Jacinda Ardern, Prime Minister of Aotearoa New Zealand:
“We, New Zealand, we were not a target because we’re a safe harbour for those who hate, we were not chosen for this act of violence because we condone racism, because we’re an enclave for extremists, we were chosen for the very fact we are none of these things.”
I have been able to look at the world, and think how irrational, intolerant and hate-filled it is and think that this little corner of the South Pacific is so very different. We pride ourselves that we are a compassionate and caring people. We can fly around the country and at domestic terminals being checked only for a valid boarding pass – no baggage checks or x-ray machines and no armed police or security guards. The Prime minister and members of the Cabinet travel on public transport and may not even have personal “minders”.
We expect to be able to approach members of parliament, from the newest backbencher right up to the Prime Minister to express our opinions and concerns. We are a very open society. Members of the government can expect disgruntled member of the public to express anger or frustration from time to time, but until recently such emotions would be expressed by hurling eggs, cow manure or even dildos, at a politician. Violent acts? Sure, but it’s mostly self esteem or pride and not body that has been hurt.
Yesterday morning, the Minister for the Environment was assaulted punched to the ground as he walked to his parliamentary office. Typically, he wasn’t accompanied by security personnel, and although we all felt angry that someone would abuse their right to approach a government minister, we all felt this was a one-off incident, and unlikely to be repeated. Ant then today we learn that a group of four terrorists attacked two mosques in Christchurch. Im a few months short of my 70th birthday, and up until today, there had been few terrorist attacks in Aotearoa New Zealand in my lifetime:
- 1961: Four students attempted to blow up a flag pole on the Waitangi treaty grounds.
- 1982: A pun rock anarchist blw himself up in the entrance of the Wanganui law enforcement computer centre.
- 1984: A suitcase bomb killed the building caretaker of the Trades Hall in Wellington.
- 1985: the French DGSE sunk the Rainbow Warrior in Auckland harbour killing one member of the crew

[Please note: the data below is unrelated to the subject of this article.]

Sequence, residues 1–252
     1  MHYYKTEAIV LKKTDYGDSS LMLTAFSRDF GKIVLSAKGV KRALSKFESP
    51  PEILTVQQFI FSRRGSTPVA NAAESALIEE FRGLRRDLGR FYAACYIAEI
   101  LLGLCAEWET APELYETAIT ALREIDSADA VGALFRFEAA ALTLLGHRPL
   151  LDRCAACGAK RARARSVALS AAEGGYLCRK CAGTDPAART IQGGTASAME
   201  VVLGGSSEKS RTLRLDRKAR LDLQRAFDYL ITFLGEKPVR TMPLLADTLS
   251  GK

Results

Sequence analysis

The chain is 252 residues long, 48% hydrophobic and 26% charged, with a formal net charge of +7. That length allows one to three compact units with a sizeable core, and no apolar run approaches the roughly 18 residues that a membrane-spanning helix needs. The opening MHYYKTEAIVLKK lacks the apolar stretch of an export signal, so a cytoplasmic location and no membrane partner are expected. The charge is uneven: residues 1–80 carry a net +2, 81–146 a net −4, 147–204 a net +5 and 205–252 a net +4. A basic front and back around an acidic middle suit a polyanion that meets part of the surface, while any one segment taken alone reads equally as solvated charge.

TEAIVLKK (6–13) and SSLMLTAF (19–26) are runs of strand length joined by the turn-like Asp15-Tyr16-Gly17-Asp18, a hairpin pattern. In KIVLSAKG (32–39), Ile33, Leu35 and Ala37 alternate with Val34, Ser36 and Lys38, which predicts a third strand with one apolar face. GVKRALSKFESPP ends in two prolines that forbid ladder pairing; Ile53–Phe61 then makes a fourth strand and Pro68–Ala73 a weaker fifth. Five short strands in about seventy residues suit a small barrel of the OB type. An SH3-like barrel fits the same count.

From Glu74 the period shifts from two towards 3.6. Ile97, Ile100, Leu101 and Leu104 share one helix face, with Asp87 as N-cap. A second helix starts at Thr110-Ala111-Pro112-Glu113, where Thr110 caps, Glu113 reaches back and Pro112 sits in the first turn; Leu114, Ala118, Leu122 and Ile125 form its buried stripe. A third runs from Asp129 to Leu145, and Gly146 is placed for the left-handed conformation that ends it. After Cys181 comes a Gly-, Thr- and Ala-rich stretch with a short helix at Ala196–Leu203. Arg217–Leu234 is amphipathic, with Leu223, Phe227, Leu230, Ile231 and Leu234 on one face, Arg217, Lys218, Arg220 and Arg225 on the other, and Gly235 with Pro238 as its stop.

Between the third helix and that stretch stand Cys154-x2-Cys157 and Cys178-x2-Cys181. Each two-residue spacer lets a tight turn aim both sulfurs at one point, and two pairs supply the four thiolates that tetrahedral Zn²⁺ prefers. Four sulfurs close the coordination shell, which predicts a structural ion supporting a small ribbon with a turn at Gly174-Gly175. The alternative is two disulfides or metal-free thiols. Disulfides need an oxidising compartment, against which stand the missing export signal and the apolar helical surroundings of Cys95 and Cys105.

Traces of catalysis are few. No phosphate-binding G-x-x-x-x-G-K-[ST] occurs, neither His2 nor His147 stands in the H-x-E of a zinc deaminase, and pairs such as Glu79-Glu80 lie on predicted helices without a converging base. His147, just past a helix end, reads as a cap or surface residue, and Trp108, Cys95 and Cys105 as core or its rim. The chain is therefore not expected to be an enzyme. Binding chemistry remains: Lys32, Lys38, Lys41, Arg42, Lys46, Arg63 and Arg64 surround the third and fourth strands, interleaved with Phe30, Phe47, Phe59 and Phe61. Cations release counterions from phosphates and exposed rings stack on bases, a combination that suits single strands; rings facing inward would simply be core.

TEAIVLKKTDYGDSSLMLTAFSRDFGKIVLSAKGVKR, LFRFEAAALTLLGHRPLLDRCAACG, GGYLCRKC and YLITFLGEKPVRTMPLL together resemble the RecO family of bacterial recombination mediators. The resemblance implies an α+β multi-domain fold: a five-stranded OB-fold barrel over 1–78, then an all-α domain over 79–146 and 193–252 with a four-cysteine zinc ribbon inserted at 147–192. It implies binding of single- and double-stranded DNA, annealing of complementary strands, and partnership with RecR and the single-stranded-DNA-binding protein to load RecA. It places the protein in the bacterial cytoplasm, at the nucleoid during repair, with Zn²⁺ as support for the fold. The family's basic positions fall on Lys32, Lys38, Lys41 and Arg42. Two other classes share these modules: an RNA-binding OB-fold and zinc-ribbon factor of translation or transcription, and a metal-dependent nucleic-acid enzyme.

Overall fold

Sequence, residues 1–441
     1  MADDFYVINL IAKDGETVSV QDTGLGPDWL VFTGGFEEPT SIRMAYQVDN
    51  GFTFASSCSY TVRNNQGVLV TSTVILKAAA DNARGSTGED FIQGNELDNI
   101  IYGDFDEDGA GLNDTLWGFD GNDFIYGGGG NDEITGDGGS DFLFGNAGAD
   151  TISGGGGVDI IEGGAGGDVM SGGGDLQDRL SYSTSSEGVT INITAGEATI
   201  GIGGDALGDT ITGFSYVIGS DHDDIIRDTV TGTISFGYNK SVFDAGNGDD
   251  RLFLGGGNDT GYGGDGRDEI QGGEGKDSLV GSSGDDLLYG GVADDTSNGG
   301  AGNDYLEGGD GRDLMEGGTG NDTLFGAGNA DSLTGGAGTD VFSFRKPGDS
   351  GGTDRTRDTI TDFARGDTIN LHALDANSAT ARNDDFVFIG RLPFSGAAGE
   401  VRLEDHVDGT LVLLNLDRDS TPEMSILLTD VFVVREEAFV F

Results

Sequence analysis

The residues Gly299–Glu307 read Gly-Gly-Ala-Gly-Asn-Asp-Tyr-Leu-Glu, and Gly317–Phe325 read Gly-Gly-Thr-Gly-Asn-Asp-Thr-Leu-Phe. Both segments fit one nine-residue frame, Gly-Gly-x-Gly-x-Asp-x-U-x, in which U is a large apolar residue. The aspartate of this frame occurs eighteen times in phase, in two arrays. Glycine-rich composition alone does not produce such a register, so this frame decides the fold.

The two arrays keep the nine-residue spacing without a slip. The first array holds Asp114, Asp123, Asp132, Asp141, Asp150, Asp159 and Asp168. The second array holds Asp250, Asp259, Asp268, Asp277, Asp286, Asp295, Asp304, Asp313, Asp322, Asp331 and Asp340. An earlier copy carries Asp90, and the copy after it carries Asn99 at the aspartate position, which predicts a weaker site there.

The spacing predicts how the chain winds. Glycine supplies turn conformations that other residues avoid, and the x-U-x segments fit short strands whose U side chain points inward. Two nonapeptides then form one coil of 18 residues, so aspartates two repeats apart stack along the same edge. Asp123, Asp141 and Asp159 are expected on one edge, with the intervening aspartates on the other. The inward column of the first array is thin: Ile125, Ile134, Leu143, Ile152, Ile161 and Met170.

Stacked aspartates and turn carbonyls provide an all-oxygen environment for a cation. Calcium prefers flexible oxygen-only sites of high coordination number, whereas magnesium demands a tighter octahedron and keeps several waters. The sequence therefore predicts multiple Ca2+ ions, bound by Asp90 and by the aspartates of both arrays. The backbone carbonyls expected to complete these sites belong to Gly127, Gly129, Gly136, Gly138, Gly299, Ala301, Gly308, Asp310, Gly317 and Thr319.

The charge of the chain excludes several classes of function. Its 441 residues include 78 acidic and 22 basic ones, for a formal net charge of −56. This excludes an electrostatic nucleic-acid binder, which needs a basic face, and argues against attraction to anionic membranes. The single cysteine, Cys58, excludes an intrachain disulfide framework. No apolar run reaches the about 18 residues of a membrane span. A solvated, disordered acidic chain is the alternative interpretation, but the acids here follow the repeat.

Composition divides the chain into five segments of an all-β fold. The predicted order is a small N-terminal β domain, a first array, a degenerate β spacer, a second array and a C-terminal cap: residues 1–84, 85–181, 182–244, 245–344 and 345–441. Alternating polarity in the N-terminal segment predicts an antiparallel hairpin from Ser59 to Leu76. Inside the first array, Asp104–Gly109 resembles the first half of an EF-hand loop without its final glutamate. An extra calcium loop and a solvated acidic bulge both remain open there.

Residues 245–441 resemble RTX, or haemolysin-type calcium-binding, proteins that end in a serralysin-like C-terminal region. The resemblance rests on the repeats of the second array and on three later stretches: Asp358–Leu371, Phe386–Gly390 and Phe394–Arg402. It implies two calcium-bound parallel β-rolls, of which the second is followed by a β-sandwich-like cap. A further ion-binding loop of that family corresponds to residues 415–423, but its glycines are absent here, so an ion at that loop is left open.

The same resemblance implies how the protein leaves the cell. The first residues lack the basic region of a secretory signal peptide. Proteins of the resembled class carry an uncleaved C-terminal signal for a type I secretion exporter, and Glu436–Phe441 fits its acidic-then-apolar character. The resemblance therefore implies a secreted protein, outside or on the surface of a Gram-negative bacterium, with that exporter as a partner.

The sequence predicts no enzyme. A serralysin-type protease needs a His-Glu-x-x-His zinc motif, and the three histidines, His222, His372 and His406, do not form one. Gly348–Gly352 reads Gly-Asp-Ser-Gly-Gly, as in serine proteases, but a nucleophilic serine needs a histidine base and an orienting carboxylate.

- 2008: a Somali refugee attempted to hijack a domestic flight and divert it to Australia.
Perhaps trivial by world standards, but not by ours. But today all that changed. 40 people are now confirmed dead and another 20 critically ill from gunshot wounds. What makes it so gut wrenching is that many of the victims are new New Zealanders, having chosen Aotearoa New Zealand to be a safe haven from the violence they experienced in their homeland. The evil in the world has arrived at our doorstep and barged straight in.
I would like to hope that this event will not change the way we kiwis see ourselves and we continue to place as much, if not more, faith and trust in the almost 200 ethnicities that make up New Zealand as we have in the past. It would be very sad if we as a nation became suspicious of our fellow citizens simply because they follow a different religion, have a different coloured skin, wear different clothing, or speak a different language.
We should remember especially at times like this that we must avoid “othering” anyone who is different from ourselves in any way, be it language, ethnicity, religion, sexuality, gender identity, or ability. The best way to show the terrorists that they will fail is to become more inclusive and do it willingly and cheerfully.
My heart goes out to all those directly and indirectly affected by this outrage. If I believed in a deity, I’d be torn between praying for the victims and expressing hatred at the deity for allowing it to happen. Instead, I will consider what practical assistance I can give to make the lives of all those affected a little less painful.